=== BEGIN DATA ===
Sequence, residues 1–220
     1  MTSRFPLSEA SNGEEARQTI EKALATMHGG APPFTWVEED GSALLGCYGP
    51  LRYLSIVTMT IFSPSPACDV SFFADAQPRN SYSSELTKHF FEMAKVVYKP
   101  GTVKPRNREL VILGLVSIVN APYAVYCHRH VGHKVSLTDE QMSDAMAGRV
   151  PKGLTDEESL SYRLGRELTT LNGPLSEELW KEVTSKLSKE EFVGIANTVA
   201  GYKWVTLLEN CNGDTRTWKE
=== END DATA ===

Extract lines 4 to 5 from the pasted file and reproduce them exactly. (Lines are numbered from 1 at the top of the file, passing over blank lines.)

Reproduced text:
   101  GTVKPRNREL VILGLVSIVN APYAVYCHRH VGHKVSLTDE QMSDAMAGRV
   151  PKGLTDEESL SYRLGRELTT LNGPLSEELW KEVTSKLSKE EFVGIANTVA